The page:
Winegrowers Supplies  -  De-acidification of Must or Wine

Measurement of the Acidity of Must or Wine:-

The acidity of must or wine can be measured by a test such as the Sulfacor.
The measurement gives the 'tartaric equivalent' acidity.
Regulations say that Table Wine shall have an acidity of at least 4.5 g/l.

Extent of De-acidification of Must or Wine:-

Regulation EC 1493/1999 Annex V.E is the main reference for de-acidification operations.

Wines are subject to a maximum limit of 1 g/l.

Must (and other products listed in E.1) may undergo unspecified 'partial de-acidification' and it was decided some time ago that there is no limit on extent of de-acidification for these (WSB interpretation, 822/97 Article 21 page 12).

Timing of De-acidification of Must or Wine:-

There is no definition in the EC Regulations of 'new wine still in fermentation' but this is seen as an incomplete operation (EC 1493/1999 Annex V.G Processes 'at the time when these products…are being turned into wine'). The permitted timing of the operation indicates that new wine may remain in fermentation for some months, as the deadline is given as 16 March.

According to EC Regulations a coarse de-acidification with any of the procedures set out below can be carried out on the must or young wine up to and including 15th March of the year following the harvest.
After 15th March an additional fine de-acidification is still allowed on the young wine, with all de-acidification procedures, "when the de-acidification of the product used for preparing the wine has proved to be insufficient". The fine de-acidification at this young wine stage is not related to the amount of de-acidification which has been carried out hitherto.
It is also possible to repeat the fine de-acidification several times providing that the permitted total de-acidification (of 1 g/l) is not exceeded. So after 15th March the wine can be de-acidified, for example, by 0.5 g/l twice.
In Germany this fine de-acidification is however expressly not allowed for table wine.

So 'Must de-acidification' is permitted until clarification and stabilization takes place, or until 16 March. After this the EC Regulations on 'Wine de-acidification' apply.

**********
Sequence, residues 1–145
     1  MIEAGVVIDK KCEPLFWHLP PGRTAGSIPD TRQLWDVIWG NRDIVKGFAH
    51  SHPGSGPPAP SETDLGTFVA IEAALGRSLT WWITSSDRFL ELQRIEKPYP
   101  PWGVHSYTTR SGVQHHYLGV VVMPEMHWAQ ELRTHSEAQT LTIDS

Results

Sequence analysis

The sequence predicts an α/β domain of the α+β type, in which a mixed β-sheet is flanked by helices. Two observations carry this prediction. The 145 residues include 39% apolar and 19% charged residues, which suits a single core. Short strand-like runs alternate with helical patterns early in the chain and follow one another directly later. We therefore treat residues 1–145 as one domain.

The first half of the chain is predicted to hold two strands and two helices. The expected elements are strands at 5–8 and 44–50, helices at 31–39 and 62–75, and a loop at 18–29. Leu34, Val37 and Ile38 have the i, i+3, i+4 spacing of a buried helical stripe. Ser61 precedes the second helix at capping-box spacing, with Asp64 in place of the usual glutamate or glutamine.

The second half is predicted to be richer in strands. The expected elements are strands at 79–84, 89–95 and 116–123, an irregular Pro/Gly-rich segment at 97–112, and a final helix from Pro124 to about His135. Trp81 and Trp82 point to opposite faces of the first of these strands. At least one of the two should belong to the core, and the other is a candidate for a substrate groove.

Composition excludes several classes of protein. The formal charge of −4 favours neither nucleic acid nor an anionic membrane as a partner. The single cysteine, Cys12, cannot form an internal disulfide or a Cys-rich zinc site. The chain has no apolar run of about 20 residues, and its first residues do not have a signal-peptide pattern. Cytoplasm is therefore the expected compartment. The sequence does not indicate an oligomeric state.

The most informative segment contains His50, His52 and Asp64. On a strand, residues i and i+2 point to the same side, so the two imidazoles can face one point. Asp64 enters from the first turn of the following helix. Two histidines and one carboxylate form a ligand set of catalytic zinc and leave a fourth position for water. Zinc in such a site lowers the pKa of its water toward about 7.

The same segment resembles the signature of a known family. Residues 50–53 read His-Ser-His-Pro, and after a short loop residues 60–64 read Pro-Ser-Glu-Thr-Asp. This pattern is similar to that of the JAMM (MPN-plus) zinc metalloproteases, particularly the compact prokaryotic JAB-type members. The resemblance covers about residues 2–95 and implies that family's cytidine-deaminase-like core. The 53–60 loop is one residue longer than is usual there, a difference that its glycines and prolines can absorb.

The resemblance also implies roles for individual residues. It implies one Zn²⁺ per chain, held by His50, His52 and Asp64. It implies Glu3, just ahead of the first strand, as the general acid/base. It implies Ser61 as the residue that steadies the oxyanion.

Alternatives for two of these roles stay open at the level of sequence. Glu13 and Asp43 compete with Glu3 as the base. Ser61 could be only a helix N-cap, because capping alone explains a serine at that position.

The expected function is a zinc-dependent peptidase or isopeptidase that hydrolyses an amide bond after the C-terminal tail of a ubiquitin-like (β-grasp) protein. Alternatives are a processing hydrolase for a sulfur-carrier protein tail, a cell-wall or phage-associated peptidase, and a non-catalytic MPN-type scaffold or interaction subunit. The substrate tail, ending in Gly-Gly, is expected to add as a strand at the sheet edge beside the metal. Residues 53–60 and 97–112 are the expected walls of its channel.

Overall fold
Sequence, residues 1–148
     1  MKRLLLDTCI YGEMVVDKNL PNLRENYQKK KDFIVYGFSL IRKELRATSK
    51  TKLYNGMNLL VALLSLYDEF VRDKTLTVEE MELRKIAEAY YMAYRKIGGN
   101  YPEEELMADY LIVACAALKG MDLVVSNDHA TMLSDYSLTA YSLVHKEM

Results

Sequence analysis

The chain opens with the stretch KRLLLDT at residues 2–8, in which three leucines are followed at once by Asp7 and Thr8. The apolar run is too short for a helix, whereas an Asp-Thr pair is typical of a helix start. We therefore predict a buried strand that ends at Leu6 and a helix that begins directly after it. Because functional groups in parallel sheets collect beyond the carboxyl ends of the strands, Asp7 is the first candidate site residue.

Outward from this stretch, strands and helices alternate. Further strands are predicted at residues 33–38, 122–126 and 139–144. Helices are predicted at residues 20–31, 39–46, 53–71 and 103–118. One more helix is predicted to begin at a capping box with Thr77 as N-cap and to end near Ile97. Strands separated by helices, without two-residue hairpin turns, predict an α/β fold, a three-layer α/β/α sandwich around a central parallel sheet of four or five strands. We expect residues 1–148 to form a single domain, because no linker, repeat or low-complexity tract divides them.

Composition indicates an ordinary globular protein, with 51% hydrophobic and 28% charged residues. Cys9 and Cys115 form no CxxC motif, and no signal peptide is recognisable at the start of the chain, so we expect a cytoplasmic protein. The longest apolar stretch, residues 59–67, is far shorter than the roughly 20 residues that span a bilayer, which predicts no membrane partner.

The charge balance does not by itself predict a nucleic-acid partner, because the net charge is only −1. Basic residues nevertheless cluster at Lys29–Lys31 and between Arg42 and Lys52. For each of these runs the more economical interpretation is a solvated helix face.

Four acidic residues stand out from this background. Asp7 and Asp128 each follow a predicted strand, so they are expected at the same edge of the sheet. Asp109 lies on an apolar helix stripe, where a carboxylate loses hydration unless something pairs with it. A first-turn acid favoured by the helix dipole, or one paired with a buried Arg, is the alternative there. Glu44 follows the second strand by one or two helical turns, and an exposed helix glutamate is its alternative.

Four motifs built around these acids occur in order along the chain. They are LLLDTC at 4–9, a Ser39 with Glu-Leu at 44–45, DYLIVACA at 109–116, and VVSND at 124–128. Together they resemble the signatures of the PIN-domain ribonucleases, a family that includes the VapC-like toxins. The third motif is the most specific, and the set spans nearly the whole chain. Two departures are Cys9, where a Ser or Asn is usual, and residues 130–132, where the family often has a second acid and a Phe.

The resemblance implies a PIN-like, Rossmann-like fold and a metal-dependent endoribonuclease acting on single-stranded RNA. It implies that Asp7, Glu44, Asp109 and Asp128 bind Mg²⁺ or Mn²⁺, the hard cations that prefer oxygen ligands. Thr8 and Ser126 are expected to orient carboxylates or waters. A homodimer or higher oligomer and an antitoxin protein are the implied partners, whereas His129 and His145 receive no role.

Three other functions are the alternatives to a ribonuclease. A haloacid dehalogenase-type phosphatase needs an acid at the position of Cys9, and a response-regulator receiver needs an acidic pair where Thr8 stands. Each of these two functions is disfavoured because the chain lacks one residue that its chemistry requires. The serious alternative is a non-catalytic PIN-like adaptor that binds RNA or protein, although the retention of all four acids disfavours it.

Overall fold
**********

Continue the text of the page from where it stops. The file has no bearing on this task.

Recommended practice is only to de-acidify the must, and to do it before fermentation.

Allowed Procedures for De-acidification of Must or Wine:-

1. Simple de-acidification with "Kalk" (reduction of tartaric acid only).

2. Double-salt de-acidification with "Neoanticid" (simultaneous reduction of malic and tartaric acids).

3. Fine de-acidification with "Kalinat" (reduction of tartaric acid at the young wine stage).

4. Extended double-salt de-acidification with "Malicid" (unlimited scope in de-acidification with double salt de-acidification).

5. Biological de-acidification with "Bitec Vino" (particularly for red wines).

Otherwise with regard to the viticultural area and vine variety there are no limitations in the de-acidification procedures.

The choice of procedure to use depends on the following factors:-
- total acid content, and proportion of tartaric acid
- required amount of de-acidification
- required remaining tartaric acid content, and type of taste
- vine variety, and location of the vineyard
- date of de-acidification, whether must or wine, and date to be bottled.

Lowering of acidity arising from enrichment:-

When must is to be de-acidified prior to substantial enrichment, allowance should be made for the lowering of acidity due to the diluting effect (the volume of alcohol produced during fermentation) which will occur as a result of enrichment.

During fermentation between 45% and 48% of the weight of sugar is converted to alcohol, the rest is given off as carbon dioxide. Alcohol has a specific gravity of 0.7893 at 20°C.

So, 1000 ml of must with 11% vol natural alcohol (= 110 ml alcohol = 11 x 16.85 g/l sugar) after fermentation becomes 890 ml + (11 x 16.85 x 0.465 gm / 0.7893) = 1009.2 ml wine + CO2.

1000 ml of must with 10% vol natural alcohol (= 100 ml alcohol = 10 x 16.85 g/l sugar) + enrichment with 16.85 g/l sugar (= 1% vol alcohol = 10 ml), after fermentation becomes 900 ml + (11 x 16.85 x 0.465 gm / 0.7893) = 1009.2 ml wine + CO2.

and, 1000 ml of must with 7.5% natural alcohol (= 75 ml alcohol = 126.4 g/l sugar) + enrichment with 3.5 x 16.85 g/l sugar (= 3.5 % alcohol = 35 ml), after fermentation becomes 925 ml + (11 x 16.85 x 0.465 gm / 0.7893) = 1034.2 ml wine + CO2.

Thus, with 3.5 %vol enrichment the volume increases by 3.42% and consequently the acid will effectively be 'diluted' by the factor 1000/1034.2, reducing acidity by approximately 0.34% of the initial amount; 16 g/l reduces to 15.5 g/l.

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